The second stage was the registration phase. It was meant to come before the third stage, the discussion phase. However, for various technical and time-related reasons, the two phases took place simultaneously. Over 4,000 organisations registered and proposed close to 2,650 activities. Eleven distribution lists were opened, one per terrain, to simplify the task of coordinating these activities, on a voluntary basis.

In addition, a 2-hour slot, from 6.00 pm to 8.00 pm, will be available every day during the Forum for organisations who want to meet up independently and spontaneously.

The discussion process unluckily did not succeed in getting as far as planned. Discussion lists were opened, but too little time was spent on designing the methods for facilitating the discussions. You can see an attempt to take the process further on the site www.portoalegre2005.info.

This kind of process is very similar to that adopted by the Workgroup on Solidarity Socio-Economy (WSSE). The idea was to systemise the process and apply it to other groups and subjects. However, the WSSE’s experience proves that, although creating links between organisations working on the same or similar subjects is essential to the construction of concrete alternatives, it does not happen all by itself, it takes time, and it requires specific resources and methods.

Long live the memory !

The Forum’s memory is based on three projects:

  • the Nomad project, aimed at broadcasting live and archiving the audio files for some conferences;
  • the Communication group’s project, which will gather journalism, both written and audiovisual, about the Forum;
  • the "Propuestas" project, whose goal is to collect the proposals drawn up at the Forums. Proposal panels will be set up in each of the 11 terrains so that everyone has the chance to present their main alternative proposals. A database will also be used before, during and after the Forum to collect texts written as a result of Forum activities as well as the proposals presented on the panels, plus any other proposals that people wish to add.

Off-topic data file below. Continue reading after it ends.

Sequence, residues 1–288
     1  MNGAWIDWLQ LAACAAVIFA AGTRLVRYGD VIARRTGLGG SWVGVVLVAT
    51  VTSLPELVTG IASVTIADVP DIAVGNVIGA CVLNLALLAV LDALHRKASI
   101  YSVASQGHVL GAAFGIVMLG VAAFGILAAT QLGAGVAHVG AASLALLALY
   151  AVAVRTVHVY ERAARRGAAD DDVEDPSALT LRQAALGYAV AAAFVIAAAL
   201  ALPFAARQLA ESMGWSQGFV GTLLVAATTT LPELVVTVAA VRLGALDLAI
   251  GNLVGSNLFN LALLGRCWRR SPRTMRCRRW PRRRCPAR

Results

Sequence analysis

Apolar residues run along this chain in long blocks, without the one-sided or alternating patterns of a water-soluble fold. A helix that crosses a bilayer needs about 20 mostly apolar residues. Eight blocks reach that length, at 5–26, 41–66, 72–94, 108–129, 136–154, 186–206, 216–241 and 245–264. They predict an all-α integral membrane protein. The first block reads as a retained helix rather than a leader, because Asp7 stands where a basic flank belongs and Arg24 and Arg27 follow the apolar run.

The entire contents of these projects will be accessible via the Forum’s official website, as well as on the site www.memoria-viva.org. These projects, concerned as they are with the Forum’s memorial, are part of a general movement to give thought to the Forums’ documentary legacy and the best way of preserving it so that it is not left untouched in archives but continues to feed into the Social Forum process.

The Forum as a learning process

The changes that have been introduced to the Forum’s preparatory process demonstrate a central aspect of the Forums: it is also a learning process. This naturally means that not everything that was planned at the start could be carried out: the organisers themselves are learning about the changes they are introducing. This explains, at least partially, the problems mentioned above concerning the consultation and discussion phases. In order to make progress, there needs to be acceptance of the fact that, to be a learning process, the Social Forums must also be forums for experimentation, even if that means making mistakes.

Despite all the problems, the new methodology for organising the Forum can now be termed a success: it has allowed individual organisations, rather than just the organisers, to get more involved in the construction of the Forum itself. All these elements, if they are reviewed and analysed, will go to enrich the overall process. With this prospect in mind, we need to position our work in the longterm, without devoting all our time and energy to preparing just one Forum.


The WSSE has always used the Forums as a platform to bring together the different solidarity-based actors and compare, discuss and exchange ideas. This year, the network will try to take this "reaching out to others" approach a little further: it is organising activities with groups which do not necessarily identify themselves with the solidarity-based economy but which share with the WSSE the goal of finding global economic alternatives, alternatives that are fairer and more human, such as, for example, the International Forum on Globalization (IFG).

* Nicolas Haeringer